If you're pregnant, you've probably seen the pamphlets in your doctor's office advertising the various prenatal and genetic tests available to you, but what do they all mean? While your doctor will likely advise you on what tests are recommended for your specific case, there are several prenatal tests you have the option to take, whether your doctor mentions them or not.
Dr. James Grifo, M.D., a reproductive endocrinologist from the obstetrics and gynecology department at New York University's Langone Medical Center, tells Romper that actually, "all tests are optional." Even prenatal tests that have become standard — such as anatomy scans, blood tests that look for blood disorders, and various types of urinalysis — aren't mandatory. They are encouraged, though, so that the your doctor can track you and your baby's health and progress.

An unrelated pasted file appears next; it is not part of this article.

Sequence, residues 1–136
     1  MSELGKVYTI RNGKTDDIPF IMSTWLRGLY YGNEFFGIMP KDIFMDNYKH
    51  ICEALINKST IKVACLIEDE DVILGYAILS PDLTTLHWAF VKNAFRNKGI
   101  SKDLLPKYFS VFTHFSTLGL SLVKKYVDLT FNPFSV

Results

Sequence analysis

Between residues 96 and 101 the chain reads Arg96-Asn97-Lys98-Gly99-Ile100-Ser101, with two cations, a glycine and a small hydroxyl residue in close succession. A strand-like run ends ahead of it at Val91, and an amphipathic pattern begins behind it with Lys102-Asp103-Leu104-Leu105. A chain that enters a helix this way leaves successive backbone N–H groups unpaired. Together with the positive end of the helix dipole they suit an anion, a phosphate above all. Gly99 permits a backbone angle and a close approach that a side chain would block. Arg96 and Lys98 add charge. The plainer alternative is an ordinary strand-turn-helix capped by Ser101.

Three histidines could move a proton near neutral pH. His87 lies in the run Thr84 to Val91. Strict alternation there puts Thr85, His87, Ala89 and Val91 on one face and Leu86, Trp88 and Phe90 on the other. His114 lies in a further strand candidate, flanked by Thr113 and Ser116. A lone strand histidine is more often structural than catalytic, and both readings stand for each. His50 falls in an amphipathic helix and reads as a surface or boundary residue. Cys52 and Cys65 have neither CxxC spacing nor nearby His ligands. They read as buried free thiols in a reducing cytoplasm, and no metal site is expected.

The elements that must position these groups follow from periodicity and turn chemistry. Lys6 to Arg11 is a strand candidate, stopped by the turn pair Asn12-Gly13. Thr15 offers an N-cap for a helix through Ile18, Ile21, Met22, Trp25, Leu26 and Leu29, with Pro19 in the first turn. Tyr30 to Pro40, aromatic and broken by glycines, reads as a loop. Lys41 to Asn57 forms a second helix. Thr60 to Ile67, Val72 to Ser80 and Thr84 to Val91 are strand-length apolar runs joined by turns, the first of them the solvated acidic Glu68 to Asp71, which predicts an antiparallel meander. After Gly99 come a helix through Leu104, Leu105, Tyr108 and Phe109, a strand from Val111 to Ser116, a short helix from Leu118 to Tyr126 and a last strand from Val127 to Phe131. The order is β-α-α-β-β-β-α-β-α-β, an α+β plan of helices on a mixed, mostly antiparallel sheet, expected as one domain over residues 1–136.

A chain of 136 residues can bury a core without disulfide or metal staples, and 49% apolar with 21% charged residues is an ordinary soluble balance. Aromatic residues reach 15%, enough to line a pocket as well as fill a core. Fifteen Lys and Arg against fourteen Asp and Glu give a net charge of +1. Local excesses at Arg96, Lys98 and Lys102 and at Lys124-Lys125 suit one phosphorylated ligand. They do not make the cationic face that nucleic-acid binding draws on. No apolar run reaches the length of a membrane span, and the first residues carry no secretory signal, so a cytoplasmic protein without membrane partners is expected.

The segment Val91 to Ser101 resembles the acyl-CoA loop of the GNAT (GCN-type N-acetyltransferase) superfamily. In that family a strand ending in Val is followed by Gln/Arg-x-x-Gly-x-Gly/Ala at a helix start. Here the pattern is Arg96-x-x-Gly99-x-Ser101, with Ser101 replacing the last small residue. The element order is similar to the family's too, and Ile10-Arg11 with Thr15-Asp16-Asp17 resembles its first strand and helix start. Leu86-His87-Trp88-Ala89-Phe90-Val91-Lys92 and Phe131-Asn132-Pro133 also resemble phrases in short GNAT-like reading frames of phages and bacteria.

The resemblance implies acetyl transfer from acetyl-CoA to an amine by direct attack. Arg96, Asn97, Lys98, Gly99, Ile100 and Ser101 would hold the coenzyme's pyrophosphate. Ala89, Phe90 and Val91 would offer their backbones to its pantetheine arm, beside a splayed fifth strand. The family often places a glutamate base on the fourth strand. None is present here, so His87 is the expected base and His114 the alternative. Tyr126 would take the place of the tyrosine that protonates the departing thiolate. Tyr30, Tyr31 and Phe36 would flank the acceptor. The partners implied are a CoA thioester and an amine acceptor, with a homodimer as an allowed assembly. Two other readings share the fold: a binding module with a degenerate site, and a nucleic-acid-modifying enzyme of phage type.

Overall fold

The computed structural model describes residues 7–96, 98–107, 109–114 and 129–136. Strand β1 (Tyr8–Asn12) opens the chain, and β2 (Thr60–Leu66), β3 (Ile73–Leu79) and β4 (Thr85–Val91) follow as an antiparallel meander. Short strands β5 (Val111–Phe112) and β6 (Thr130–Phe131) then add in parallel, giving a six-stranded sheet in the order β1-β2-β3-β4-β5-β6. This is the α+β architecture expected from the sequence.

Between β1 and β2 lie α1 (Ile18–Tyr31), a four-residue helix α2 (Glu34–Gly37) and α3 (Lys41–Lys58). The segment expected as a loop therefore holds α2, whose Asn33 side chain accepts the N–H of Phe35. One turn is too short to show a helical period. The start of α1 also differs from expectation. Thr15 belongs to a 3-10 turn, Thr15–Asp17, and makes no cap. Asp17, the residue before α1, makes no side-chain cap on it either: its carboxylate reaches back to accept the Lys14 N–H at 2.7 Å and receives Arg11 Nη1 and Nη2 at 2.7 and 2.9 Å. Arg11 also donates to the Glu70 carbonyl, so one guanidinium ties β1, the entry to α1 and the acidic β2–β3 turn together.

Whether or not you choose to take optional prenatal tests to determine your baby's risk of certain health conditions will depend on your individual history and personal choice. For example, if your family history includes genetic or blood disorders, you might opt to take carrier screening tests to determine your baby's risk of inheriting a certain disease. Many of the tests pose no risk to the fetus (in fact, many can be done before you're even pregnant), Dr. Grifo notes. It is also important to consider the costs of these prenatal tests and to have a conversation with your insurance carrier to see if they are covered.
Here are the four most-common categories of optional prenatal tests available right now.